A divorce helps children see their parents as people. They see their parents in many different roles; sometimes as a worker, of course as a parent, a friend, child, and a sibling and when they start dating again, as a partner to someone else. In other words, the kids don’t take their vision of their parents for granted. They also recognize more closely that their parents are flawed, or to put it a better way, human. But children who see their parent’s marriage as an ideal to be lived up to, suddenly cannot choose what their heart wants. They keep chasing an ideal that they will never catch instead of the reality of love that is before them. Everyone has to find someone right for them. And those two people have to develop a relationship that works for their particular personalities. But when we try to bend a relationship to match some unrealistic ideal, things are bound to run in to trouble.

Children can see their parents more as people who have hopes, dreams, flaws and regrets. They also gather insight into how bad relationships operate and how good relationships work. Usually, parents get into other long-term relationships after divorce, or get remarried. So instead of focusing on having children coming from a “broken home,” realize that if your house is full of contention, either explicit or implicit, it is affecting the children far more negatively than you think. It’s best instead to have the courage to move on with your life, embrace who you are and after you heal, allow yourself to love again. These are great lessons to pass onto your children. They will learn to be brave, and go forth in the world to find the love that they deserve, the kind that is right for them. To learn how to operate and move forward when you have kids and a separation is looming read, The Truth About Children and Divorce: Dealing with the Emotions So You and Your Children Can Thrive by Robert Emery.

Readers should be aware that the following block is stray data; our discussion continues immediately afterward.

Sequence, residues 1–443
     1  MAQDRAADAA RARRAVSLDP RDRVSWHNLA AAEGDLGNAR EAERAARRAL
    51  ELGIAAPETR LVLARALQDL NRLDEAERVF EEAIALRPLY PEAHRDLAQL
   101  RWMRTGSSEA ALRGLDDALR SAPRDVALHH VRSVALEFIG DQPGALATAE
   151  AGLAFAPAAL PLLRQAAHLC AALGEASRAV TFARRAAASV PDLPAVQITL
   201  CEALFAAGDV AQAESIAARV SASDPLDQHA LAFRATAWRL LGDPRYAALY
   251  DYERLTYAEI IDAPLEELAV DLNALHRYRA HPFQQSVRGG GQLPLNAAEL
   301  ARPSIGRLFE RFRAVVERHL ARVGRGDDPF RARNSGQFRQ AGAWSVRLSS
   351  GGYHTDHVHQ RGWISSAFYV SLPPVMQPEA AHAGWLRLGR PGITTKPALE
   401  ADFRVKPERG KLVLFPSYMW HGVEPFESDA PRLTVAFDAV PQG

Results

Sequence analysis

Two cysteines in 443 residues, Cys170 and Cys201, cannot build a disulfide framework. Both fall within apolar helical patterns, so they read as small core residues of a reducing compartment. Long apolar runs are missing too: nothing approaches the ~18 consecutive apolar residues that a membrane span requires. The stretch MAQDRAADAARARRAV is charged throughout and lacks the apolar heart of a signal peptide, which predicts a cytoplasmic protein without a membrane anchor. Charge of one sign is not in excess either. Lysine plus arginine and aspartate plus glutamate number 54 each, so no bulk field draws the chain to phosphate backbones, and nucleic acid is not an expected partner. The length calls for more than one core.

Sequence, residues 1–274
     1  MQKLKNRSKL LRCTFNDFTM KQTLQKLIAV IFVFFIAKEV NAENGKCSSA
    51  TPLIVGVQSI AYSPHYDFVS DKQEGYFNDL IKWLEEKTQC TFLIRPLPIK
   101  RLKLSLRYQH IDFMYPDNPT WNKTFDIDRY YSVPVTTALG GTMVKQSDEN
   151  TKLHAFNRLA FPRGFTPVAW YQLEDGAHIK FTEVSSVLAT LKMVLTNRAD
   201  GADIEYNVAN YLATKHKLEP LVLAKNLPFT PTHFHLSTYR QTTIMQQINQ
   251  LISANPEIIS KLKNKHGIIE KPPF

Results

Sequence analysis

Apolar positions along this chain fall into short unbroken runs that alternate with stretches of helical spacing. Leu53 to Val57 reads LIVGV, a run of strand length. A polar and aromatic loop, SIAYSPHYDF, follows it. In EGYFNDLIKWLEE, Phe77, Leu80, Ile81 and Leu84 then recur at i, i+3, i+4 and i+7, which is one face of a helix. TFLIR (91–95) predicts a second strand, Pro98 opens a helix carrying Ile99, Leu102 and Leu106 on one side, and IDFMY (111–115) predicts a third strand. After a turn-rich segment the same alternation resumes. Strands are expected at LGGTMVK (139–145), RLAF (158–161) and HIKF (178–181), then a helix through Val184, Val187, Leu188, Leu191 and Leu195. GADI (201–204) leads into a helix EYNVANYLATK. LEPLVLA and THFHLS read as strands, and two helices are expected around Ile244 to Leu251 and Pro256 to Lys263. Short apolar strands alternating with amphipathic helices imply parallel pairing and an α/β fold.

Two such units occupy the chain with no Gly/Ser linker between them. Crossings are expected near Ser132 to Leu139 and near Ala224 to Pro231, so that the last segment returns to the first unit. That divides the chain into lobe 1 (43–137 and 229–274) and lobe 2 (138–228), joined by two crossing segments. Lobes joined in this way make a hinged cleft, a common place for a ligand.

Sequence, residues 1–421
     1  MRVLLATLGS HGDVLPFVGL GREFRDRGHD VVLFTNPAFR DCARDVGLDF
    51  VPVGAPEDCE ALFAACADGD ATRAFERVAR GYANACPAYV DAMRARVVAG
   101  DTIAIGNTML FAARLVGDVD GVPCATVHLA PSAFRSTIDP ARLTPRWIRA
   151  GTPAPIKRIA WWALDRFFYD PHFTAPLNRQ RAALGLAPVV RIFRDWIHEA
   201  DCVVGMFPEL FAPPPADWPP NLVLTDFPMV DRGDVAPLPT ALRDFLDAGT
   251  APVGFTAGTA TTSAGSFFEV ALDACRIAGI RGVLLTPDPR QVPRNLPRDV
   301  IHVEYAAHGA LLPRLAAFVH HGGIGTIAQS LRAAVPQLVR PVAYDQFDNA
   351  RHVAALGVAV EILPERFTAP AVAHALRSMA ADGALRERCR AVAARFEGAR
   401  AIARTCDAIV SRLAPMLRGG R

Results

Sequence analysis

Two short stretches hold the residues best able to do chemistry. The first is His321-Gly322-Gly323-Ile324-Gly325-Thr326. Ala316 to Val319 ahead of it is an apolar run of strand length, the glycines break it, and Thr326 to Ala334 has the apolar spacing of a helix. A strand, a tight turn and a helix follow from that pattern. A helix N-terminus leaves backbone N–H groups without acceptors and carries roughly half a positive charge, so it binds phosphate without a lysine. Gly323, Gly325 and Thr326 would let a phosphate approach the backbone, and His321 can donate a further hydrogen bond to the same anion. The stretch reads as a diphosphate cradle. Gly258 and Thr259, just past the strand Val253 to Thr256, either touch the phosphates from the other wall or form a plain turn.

What Content should Online Co-parenting Classes Have?

Custody

What Content should Online Co-parenting Classes Have?